Sven Mislintat is not suspected of being particularly superstitious.

So it was not a bad omen for the sports director of the Bundesliga soccer club VfB Stuttgart that the sun did not shine as prescribed for the first few days in southern Spain, where the people of Stuttgart gathered for a six-day training camp this week.

At times, the rain clouds hung so low over Marbella that the actually enchantingly beautiful view from the training ground to the Pico de la Concha, a shell-like peak in the Sierra Blanca mountain range, remained blocked.

They are not there to relax, Mislintat says on the phone, but to work.

And VfB will need this very sober, rational world view in the coming weeks in order not to be relegated from the top division.

Because the uncomfortable weather certainly offered the right setting for the sporting situation of the traditional club.

The bad phases during the preliminary round have now solidified into a sporting crisis, the third relegation within six years is imminent.

Stuttgart is in 17th place - three points short of 15th place, which guarantees another season in the Bundesliga at the end of the season.

The atmosphere at and around VfB is still surprisingly relaxed.

"It's quiet even though we're 17th," notes Mislintat.

He sounds a little surprised himself.

Perhaps the new calm is also due to the fact that due to the pandemic, only VfB employees were recently allowed into the home arena, so the notorious "Bruddler", as the naggers are called in Swabian, could not whistle shrilly in the main stand.

Stress test for Mislintat and Hitzlsperger

This calm in the environment is also a stress test for Mislintat and the outgoing CEO Thomas Hitzlsperger. In the remaining 14 games, they can now check how sustainable the new strategic orientation and new modesty really is, which they have campaigned so forcefully in recent years in order to regain the trust that sponsors have lost.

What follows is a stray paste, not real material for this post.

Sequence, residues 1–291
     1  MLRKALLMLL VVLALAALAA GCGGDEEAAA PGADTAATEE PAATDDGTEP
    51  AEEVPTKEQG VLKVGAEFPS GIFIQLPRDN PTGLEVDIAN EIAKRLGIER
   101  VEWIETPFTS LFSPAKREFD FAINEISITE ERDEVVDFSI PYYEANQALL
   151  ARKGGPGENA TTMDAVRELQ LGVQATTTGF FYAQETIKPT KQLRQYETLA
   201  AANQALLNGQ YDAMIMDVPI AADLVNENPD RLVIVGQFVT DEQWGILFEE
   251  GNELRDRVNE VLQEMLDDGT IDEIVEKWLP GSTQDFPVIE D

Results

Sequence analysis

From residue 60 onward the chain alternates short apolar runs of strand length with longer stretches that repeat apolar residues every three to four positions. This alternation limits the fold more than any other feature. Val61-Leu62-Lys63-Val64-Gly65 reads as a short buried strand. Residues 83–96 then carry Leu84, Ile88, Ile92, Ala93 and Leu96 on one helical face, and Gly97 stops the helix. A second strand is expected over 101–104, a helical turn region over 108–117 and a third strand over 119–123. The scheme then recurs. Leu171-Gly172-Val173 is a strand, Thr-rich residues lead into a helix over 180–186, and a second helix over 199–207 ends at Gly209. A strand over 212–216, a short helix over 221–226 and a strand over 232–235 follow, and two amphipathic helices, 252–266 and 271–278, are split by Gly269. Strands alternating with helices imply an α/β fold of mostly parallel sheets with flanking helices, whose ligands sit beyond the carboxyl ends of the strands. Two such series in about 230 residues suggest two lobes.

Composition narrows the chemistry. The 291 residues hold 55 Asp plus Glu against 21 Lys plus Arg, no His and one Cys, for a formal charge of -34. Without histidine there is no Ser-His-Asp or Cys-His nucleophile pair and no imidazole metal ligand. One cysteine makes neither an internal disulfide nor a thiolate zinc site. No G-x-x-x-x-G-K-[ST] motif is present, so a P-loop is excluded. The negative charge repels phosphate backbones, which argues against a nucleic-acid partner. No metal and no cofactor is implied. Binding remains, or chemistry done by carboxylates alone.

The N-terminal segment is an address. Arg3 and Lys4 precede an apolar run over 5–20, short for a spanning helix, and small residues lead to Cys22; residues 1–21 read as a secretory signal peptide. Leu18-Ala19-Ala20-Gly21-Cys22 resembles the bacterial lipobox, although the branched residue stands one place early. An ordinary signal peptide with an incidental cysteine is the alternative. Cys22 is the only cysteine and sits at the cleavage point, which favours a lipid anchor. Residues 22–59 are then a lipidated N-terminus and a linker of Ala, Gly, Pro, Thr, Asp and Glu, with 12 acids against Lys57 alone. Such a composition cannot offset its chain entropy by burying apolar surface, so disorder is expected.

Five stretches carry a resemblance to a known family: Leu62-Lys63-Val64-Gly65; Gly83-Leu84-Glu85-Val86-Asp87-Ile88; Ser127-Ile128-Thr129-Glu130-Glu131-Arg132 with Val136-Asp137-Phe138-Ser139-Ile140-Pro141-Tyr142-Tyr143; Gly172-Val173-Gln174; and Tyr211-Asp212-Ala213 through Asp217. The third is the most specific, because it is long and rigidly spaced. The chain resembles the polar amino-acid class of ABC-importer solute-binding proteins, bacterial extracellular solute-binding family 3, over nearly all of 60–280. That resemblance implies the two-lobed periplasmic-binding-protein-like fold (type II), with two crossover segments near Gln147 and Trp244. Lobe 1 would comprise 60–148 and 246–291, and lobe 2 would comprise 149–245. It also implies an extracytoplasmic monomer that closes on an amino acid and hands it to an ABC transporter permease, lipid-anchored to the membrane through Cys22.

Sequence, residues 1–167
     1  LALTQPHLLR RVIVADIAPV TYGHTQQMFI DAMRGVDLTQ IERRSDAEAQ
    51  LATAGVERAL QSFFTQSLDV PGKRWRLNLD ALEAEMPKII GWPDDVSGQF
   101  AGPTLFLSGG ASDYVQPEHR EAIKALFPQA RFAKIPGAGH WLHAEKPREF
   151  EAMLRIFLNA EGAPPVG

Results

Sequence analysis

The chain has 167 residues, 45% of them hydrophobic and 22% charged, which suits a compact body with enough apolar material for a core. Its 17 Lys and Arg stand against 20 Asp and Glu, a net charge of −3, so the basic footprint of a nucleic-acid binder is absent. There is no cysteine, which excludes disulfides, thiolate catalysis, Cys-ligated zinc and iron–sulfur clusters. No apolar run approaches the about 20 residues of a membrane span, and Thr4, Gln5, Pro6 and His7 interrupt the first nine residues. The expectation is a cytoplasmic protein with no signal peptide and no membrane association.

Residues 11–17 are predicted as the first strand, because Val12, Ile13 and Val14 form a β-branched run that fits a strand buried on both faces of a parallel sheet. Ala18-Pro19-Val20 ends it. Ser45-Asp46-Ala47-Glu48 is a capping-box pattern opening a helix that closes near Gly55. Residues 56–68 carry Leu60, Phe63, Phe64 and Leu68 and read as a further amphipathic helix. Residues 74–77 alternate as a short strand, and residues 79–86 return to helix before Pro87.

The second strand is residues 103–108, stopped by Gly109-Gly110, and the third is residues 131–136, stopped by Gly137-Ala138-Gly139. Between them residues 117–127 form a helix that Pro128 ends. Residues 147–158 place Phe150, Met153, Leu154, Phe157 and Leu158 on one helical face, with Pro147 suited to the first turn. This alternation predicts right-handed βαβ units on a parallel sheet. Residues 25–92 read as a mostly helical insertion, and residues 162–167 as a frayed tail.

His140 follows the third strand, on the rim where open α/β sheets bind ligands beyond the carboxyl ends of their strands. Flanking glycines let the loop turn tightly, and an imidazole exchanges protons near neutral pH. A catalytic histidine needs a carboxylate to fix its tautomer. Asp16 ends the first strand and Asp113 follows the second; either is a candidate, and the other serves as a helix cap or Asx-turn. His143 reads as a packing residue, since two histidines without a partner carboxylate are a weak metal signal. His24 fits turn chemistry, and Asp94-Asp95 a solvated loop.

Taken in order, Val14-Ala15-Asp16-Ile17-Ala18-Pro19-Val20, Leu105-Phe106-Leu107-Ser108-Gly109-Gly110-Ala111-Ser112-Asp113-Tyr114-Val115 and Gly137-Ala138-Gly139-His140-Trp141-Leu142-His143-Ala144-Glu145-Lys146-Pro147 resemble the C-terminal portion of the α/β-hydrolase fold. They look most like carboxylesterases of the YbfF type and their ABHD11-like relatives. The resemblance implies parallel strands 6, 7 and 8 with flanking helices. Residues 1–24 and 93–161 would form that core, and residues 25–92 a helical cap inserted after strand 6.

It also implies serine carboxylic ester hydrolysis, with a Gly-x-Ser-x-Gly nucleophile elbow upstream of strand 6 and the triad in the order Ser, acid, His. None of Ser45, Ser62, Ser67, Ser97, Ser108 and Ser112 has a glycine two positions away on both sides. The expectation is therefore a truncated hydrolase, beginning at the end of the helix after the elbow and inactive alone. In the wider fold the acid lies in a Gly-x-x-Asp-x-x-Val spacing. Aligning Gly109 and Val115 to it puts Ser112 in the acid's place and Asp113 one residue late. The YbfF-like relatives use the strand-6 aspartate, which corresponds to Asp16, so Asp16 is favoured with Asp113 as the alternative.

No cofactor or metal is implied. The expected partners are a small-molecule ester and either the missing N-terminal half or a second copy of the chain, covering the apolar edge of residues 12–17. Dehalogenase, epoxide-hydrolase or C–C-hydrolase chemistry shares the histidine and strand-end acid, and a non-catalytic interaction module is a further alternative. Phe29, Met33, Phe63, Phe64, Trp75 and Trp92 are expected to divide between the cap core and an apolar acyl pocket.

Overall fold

Mislintat has therefore often proclaimed SC Freiburg as a role model for VfB Stuttgart.

He is impressed by his personal continuity without financial adventures and the goal of training young hungry players and developing them for the highest possible level.

A relegation in Freiburg means: nothing.

At the SC they just carry on as before.

And in Stuttgart?

Mislintat himself is curious about what would happen if VfB missed out on staying in the class.

"Then it will be seen whether our path will be accepted by everyone," says the 49-year-old.

That would be the case if he and head coach Pellegrino Matarazzo were allowed to continue anyway.

Mislintat, the former scout of Borussia Dortmund, is convinced of this path with unfinished but highly talented professionals and sees it as the only chance that VfB can one day think about other goals than staying in the class.

The Westphalian has been working in Württemberg for two and a half years.

And of course it's difficult to convey the fact that he's emulating a Baden club of all things.

"But so far we've done a good job of explaining why we're doing it all."

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